Anthony Amato, the founder and artistic director of the Amato Opera Theater, the scrappy, often threadbare and very rarely dull chamber opera company on the Lower East Side of Manhattan that was a mainstay of New York’s cultural life for 61 years, died on Tuesday at his home on City Island, in Bronx.
Mr. Amato, who was also the company’s stage director, music director, prompter, vocal coach, diction coach, caterer, broom pusher and emergency tenor, among other things, was 91.
The cause was cancer.
The company was founded in 1948 by husband and wife team Anthony (1920 – December 13, 2011) and Sally Bell Amato (September 27, 1917 – August 16, 2000). Tony Amato acted as artistic director, choosing the repertoire, rehearsing and conducting the operas.
Throughout its life, Amato Opera has maintained a policy of keeping prices low, charging only $1.80 a seat in 1964. By 1975 ticket prices were $3-4 and in 1998, they were $23. In 2008, tickets were $35 ($30 for students, children, and seniors), still modest compared to those at larger opera houses. PBS made a documentary film about Amato in 2001 called Amato: A Love Affair With Opera. PBS wrote, “The Amato Opera has grown famous as a testing ground for young singers; many of its performers have gone on to sing, direct, and conduct in opera companies around the world…. The orchestra is phenomenal. The sets, designed by Richard Cerullo for the past twenty years, are wonderfully designed to make the most of the Amato’s small stage. And what the theater lacks in seating capacity it makes up for in intimacy.”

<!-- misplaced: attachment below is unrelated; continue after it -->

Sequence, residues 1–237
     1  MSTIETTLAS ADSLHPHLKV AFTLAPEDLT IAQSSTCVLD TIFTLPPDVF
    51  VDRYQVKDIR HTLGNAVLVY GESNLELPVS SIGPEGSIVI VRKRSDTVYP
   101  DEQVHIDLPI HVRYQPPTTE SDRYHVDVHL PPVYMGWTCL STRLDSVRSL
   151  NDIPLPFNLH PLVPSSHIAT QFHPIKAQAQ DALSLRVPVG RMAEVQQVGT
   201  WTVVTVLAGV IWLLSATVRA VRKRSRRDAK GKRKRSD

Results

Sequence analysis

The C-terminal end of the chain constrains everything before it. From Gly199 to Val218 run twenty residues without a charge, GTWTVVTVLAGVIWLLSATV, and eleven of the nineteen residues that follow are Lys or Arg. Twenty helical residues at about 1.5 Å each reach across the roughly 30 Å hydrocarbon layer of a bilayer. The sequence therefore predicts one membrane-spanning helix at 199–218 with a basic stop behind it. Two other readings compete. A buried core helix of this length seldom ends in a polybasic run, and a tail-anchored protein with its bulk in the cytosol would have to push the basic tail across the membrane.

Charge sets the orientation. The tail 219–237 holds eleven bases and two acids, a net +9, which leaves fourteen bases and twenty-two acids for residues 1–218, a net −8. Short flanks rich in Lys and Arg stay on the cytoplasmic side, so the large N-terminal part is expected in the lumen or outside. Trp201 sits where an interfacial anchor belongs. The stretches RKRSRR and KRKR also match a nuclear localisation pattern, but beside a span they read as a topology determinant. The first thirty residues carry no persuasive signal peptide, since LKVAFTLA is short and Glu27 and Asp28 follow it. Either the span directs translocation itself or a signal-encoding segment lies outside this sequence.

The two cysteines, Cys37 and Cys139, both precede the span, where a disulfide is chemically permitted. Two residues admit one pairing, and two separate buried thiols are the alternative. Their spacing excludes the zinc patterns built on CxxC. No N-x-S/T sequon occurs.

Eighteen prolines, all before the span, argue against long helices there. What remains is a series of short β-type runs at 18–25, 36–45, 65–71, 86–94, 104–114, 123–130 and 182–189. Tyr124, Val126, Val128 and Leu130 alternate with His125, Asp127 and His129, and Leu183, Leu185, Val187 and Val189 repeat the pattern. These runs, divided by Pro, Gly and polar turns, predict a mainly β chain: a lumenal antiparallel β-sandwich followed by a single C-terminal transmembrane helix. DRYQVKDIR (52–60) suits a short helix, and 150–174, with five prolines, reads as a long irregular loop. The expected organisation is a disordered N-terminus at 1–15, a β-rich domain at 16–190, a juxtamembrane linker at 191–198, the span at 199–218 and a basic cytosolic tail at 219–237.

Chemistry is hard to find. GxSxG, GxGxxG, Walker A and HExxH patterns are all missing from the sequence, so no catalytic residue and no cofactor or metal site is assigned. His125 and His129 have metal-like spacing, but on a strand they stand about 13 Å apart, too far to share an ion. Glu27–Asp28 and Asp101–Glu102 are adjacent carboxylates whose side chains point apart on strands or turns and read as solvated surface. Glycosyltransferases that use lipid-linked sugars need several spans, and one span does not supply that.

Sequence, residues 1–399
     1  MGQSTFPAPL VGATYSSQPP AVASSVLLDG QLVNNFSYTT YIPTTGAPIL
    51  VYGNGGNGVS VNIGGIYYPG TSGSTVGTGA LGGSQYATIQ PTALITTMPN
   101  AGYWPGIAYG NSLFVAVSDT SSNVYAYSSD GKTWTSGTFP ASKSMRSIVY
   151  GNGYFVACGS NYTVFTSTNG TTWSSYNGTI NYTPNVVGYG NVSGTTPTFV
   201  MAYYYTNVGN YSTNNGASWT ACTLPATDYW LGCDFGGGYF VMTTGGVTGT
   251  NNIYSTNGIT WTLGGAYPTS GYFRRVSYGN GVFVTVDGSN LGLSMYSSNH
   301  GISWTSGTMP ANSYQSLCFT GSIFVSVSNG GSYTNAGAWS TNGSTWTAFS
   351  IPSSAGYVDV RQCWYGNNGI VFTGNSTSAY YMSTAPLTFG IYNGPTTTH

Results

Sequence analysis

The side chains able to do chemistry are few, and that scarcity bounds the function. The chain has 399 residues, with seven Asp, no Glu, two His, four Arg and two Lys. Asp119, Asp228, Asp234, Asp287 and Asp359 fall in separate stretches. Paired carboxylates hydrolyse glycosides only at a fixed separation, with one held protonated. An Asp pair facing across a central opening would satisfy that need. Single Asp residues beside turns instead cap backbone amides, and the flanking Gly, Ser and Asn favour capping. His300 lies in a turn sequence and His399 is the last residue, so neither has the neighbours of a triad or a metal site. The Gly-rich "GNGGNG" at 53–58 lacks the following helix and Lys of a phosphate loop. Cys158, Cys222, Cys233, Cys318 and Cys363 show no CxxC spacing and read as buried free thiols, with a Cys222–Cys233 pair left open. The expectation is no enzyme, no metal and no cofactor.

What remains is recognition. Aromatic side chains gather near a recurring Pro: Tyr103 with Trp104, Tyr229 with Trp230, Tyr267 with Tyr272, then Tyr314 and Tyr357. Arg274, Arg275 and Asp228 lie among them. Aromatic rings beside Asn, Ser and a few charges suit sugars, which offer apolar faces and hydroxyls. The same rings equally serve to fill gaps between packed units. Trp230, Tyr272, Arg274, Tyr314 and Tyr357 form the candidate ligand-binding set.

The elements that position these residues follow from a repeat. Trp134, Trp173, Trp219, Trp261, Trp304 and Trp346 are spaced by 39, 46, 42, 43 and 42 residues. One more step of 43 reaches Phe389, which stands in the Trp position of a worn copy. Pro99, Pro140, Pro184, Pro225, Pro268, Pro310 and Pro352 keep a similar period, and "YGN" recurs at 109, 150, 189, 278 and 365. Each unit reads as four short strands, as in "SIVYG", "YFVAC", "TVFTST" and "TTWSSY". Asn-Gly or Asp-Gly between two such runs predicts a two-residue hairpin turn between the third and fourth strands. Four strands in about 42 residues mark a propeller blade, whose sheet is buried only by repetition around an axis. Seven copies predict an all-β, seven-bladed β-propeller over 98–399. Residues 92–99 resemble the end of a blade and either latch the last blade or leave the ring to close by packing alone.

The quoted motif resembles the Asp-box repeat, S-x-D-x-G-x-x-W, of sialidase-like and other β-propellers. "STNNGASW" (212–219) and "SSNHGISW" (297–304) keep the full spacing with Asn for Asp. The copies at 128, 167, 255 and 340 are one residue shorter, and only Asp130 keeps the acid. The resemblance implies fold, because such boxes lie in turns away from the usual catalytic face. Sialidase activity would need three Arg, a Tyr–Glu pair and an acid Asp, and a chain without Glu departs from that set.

Amato Opera received commendations and awards from Mayors Abe Beame, Ed Koch and Rudy Giuliani, and the Amatos were inducted into City Lore’s Peoples’ Hall of Fame, honored by the American Cultural Roundtable, and the Italian Heritage and Cultural Committee, in recognition for their contribution to the artistic life of New York City.
Amato Opera closed after its last performance of The Marriage of Figaro on May 31, 2009.
Mr. Amato recently completed a memoir, “The Smallest Grand Opera in the World,” published this year by iUniverse.
Note: Image courtesy of Harald Schrader.